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But visitors who know where to look can still find remnants of vintage Vegas, from the hotel room where the King canoodled with a certain Viva Las Vegas co-star to the original neon of Glitter Gulch. For clients interested in a glimpse of old Vegas, we’ve created a sight-seeing checklist that starts where else—at the sign that says it all.
Welcome to Fabulous Las Vegas sign:Most visitors come and go without ever seeing the landmark that has been beckoning fun-seekers and their wallets since 1959. Look for the sign in the center island on the southern end of Las Vegas Boulevard South (“The Strip”) between Russell and Sunset roads. There’s no legal parking here so clients may want to hop on a double-decker Deuce bus.
Little Church of the West:This rustic chapel, listed on the National Register of Historic Places, has been popular with celebrities ever since actress Betty Grable said “I do” to bandleader Harry James in 1943. The “Welcome to Fabulous Las Vegas” sign is located just down the boulevard, resulting in a steady stream of brides in white gowns and flowing veils darting between traffic for a quickie photo shoot. 4617 Las Vegas Blvd. South.wwww.littlechurchlv.comCommission: $35-$75
Folies Bergere:One of Las Vegas’ original “feather shows,” this classic revue at the Tropicana celebrated 50 years of bringing va-va-voom to the Strip. Those who blush easily may prefer the 7:30 p.m. show. Otherwise, send clients to the 10 p.m. show, one of the longest-running topless revues anywhere. Be sure to check out the vintage pool, which offers swim-up blackjack between Memorial and Labor days.3801 Las Vegas Blvd. South.www.tropicanalv.com
Imperial Palace:Now part of the Harrah’s empire, this Asia- and South Pacific-themed hotel started life in 1959 as a small motel called the Flamingo Capri. Today it’s mostly known for its classic car showroom and long-running celebrity impersonator show.3535 Las Vegas Blvd. South.www.imperialpalace.com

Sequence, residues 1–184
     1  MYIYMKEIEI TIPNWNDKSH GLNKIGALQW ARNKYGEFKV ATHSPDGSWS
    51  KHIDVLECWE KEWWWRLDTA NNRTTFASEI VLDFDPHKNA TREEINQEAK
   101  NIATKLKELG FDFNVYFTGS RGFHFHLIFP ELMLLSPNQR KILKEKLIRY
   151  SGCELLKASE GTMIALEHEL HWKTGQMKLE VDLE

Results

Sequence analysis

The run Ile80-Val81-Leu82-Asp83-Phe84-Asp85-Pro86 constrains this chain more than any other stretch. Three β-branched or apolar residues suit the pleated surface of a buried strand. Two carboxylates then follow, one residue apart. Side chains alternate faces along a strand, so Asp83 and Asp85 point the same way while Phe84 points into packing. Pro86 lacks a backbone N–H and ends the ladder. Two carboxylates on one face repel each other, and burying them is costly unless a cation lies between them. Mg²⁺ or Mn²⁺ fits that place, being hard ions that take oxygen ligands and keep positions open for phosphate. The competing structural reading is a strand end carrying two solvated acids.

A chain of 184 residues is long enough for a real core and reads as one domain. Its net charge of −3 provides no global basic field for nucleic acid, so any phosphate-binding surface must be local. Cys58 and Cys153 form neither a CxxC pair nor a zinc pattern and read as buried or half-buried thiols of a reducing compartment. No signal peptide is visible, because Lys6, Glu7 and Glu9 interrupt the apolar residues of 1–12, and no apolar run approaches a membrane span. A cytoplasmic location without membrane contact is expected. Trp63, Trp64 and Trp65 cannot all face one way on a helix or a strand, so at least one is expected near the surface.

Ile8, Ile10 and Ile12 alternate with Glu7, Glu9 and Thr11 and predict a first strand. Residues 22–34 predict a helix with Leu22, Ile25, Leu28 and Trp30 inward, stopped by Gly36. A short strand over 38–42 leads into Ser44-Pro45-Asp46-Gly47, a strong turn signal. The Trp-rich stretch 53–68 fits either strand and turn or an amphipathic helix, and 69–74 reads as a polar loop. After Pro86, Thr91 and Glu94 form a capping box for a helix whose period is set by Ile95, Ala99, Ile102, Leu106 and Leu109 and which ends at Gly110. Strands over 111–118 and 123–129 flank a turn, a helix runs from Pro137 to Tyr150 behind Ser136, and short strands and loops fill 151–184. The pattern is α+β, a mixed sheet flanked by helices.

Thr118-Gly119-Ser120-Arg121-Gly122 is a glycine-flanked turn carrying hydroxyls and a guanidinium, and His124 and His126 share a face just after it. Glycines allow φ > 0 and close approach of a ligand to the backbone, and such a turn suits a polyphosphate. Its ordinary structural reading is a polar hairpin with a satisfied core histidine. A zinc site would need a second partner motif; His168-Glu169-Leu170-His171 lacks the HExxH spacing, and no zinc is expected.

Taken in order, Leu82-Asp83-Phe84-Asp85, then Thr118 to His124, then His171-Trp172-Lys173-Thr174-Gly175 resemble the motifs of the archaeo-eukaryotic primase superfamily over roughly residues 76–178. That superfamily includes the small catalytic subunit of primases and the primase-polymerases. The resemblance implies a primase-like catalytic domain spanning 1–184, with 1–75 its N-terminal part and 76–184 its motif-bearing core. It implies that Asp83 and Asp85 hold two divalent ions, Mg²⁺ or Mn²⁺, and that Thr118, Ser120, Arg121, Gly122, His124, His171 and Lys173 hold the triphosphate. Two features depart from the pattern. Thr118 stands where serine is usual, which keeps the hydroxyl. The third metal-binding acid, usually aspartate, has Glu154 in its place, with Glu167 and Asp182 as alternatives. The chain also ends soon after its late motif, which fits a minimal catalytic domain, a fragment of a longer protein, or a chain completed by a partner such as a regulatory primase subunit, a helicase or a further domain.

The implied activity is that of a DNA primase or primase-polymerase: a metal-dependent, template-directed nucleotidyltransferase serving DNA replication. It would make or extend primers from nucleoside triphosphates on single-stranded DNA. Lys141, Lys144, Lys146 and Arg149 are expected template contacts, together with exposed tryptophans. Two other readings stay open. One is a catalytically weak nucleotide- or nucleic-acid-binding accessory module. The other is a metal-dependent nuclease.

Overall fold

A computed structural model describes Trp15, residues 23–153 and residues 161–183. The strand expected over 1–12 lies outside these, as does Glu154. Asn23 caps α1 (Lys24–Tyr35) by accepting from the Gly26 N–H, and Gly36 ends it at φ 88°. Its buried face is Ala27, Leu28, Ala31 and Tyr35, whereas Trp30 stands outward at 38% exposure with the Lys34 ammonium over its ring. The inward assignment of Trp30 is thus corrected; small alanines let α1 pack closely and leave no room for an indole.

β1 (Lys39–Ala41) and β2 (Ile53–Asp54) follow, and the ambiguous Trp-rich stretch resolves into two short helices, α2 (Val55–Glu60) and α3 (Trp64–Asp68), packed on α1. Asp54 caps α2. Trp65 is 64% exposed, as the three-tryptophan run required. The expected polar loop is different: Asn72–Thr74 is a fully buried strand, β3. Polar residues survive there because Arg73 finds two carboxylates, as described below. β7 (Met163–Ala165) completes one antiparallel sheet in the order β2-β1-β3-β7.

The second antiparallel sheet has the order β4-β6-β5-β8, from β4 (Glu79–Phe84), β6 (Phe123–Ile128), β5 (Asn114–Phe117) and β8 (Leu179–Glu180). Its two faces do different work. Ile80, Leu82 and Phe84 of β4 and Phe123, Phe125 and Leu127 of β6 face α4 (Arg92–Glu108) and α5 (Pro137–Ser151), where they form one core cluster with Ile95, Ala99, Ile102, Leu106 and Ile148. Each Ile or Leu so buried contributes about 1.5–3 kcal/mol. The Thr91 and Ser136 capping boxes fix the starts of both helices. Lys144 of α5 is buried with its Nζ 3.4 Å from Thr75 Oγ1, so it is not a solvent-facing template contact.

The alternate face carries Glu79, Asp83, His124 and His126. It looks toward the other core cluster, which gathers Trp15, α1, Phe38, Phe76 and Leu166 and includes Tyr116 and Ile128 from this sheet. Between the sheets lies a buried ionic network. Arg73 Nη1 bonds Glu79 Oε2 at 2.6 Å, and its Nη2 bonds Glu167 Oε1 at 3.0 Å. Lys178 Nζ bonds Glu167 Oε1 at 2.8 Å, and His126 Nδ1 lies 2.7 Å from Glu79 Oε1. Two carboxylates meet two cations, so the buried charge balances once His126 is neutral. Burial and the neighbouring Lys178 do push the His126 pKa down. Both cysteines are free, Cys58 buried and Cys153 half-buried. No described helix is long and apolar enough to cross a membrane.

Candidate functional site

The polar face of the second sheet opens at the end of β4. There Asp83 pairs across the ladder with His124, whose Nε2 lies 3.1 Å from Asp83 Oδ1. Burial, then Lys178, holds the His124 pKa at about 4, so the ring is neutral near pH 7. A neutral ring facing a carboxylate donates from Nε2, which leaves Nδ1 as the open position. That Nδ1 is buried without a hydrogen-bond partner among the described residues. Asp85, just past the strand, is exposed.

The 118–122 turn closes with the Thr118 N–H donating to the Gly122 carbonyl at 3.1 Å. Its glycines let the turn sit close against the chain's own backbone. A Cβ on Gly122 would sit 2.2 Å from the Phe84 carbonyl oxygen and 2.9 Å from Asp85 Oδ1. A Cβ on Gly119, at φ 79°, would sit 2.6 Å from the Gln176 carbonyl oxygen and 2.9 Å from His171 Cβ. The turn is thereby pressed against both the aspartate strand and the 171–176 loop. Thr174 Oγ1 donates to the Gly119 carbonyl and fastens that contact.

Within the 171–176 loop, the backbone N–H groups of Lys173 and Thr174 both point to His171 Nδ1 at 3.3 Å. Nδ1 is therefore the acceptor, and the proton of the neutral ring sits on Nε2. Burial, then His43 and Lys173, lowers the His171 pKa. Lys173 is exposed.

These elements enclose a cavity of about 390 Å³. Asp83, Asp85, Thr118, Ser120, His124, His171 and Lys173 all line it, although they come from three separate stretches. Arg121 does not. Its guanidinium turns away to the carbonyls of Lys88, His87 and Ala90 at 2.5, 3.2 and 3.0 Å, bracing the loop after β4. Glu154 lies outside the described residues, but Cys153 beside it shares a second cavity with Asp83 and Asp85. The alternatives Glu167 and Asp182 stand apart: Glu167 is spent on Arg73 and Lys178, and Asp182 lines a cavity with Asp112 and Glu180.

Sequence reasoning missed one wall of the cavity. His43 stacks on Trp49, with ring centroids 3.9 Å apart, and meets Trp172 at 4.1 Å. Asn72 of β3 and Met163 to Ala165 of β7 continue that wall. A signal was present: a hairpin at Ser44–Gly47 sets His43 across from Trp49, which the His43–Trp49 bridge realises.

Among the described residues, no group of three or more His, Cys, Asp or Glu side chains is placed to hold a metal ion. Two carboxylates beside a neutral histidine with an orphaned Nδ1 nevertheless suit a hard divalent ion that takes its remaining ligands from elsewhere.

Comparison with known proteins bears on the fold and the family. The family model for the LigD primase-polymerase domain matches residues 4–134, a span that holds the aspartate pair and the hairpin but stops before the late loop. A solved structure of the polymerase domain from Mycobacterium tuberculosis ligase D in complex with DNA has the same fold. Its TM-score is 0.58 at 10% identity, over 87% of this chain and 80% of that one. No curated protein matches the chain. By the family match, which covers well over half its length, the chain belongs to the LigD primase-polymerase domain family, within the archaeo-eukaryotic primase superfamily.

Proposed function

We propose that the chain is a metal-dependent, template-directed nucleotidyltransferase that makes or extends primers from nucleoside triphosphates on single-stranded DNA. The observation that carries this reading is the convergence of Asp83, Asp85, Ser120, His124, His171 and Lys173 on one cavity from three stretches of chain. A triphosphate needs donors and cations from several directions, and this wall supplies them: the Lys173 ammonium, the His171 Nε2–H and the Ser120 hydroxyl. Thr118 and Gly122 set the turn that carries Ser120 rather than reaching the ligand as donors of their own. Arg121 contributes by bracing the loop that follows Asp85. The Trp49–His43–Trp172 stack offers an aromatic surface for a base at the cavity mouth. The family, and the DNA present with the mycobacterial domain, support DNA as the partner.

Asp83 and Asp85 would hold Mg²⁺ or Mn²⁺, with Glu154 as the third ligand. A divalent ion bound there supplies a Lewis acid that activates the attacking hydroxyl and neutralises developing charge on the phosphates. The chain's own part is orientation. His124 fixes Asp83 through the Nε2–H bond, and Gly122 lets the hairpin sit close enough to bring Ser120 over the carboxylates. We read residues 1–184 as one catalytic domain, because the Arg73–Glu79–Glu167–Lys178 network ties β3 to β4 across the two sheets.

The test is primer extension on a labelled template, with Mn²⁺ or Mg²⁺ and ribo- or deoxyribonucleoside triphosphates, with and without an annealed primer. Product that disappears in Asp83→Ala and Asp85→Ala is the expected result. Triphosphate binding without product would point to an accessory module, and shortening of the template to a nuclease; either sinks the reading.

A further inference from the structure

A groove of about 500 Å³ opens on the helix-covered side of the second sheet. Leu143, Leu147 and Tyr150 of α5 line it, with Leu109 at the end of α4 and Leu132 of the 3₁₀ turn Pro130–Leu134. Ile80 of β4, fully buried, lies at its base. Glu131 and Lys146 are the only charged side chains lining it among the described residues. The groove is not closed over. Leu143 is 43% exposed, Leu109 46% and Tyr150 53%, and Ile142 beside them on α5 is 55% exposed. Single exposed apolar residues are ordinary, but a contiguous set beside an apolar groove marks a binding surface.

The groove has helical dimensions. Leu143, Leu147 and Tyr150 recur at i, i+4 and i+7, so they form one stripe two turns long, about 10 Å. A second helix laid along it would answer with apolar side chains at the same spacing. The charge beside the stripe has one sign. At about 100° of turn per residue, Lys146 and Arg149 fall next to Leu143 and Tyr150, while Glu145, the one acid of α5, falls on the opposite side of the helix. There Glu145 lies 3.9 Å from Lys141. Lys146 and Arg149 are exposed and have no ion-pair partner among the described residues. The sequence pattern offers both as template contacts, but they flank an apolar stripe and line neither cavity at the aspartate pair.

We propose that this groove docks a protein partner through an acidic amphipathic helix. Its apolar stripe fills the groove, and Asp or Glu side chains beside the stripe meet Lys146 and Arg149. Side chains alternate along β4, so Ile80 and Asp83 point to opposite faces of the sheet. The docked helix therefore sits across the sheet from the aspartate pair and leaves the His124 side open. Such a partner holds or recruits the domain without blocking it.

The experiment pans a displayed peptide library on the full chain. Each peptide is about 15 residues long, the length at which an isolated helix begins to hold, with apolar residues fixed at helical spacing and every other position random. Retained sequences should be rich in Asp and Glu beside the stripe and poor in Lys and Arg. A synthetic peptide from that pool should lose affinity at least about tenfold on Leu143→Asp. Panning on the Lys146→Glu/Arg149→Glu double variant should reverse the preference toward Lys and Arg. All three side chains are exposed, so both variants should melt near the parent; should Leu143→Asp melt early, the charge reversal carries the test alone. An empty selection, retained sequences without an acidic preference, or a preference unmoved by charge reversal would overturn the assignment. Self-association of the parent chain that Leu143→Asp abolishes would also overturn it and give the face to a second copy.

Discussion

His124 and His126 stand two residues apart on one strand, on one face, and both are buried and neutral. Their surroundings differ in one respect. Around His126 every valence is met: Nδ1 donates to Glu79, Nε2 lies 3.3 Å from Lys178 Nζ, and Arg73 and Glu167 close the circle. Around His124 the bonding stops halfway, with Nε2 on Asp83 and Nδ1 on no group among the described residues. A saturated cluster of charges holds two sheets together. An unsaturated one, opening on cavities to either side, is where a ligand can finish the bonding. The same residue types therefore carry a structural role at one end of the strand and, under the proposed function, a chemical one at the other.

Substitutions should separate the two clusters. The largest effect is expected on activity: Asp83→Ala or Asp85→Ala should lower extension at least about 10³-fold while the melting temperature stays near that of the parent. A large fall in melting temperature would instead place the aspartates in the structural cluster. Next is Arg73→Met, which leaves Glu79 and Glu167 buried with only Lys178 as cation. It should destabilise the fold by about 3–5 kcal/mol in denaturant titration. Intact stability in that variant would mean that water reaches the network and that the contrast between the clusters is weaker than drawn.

Battista’s Hole in the Wall:Sammy Davis Jr. and Dean Martin dined at this throwback of Italian eatery, a fun antidote to the overpriced, chi-chi dining scene on the Strip. Gordy, the strolling accordionist, and the low prices ($18.95 buys a full dinner with house wine) make up for the cheesy decor and mediocre food. Look for Battista’s behind the Flamingo.4041 Audrie St.www.battistaslasvegas.com
Peppermill:The intense pink-and-blue neon and mirrored ceiling of this original ultra lounge, featured in a scene in Martin Scorsese’s “Casino,” will take clients back to their disco days. The comfy sofas around the sunken fire pit, where flames leap from a bubbling pool, are a good place to stoke love’s embers or start up a new romance. Keep an eye out for magician Penn Jillette (the tall one who talks), a regular in the restaurant.2985 Las Vegas Blvd. South.702-735-4177
Golden Steer Steak House:The big, yellow cow in front and the strip-mall location belie the five-star dining, popular in the day with John Wayne, Elvis, Dean Martin and Frank Sinatra, who slipped over after a little ring-a-ding-ding at the Copa Room at the Sands. Little has changed since the Rat Pack days: The vibe is manly, the steaks juicy and the lights low.308 W. Sahara Ave.www.goldensteerlv.com
Las Vegas Hilton:The big, bronze statue out front pays homage to Elvis, who rocked the house (then called the International) for 837 consecutive, sold-out shows starting in 1969. The King’s final performance here was Dec. 12, 1976, eight months before his death.3000 Paradise Rd.www.lvhilton.comCommission: 10 percent
Golden Gate Hotel:Las Vegas’ oldest lodging establishment opened as the Hotel Nevada in 1906 and was renamed the Sal Sagev (Las Vegas backwards) in 1931. A grieving Clark Gable holed up here after a plane slammed into a nearby mountain in 1942, killing wife Carole Lombard. Today, visitors come for the 99-cent shrimp cocktail and to check out Sin City’s first telephone, on display in the lobby. (The phone number was simply 1.)One Fremont St.www.goldengatecasino.net
Binion’s Gambling Hall and Hotel:The original home of the World Series of Poker started life as Binion’s Horseshoe, and was the first casino to offer high-stakes gambling and free liquor. Located in “Glitter Gulch,” now known as Fremont Street, the hotel’s 24th-floor steakhouse is a good place to spot your favorite NASCAR driver or rodeo cowboy.128 E. Fremont St.www.binions.com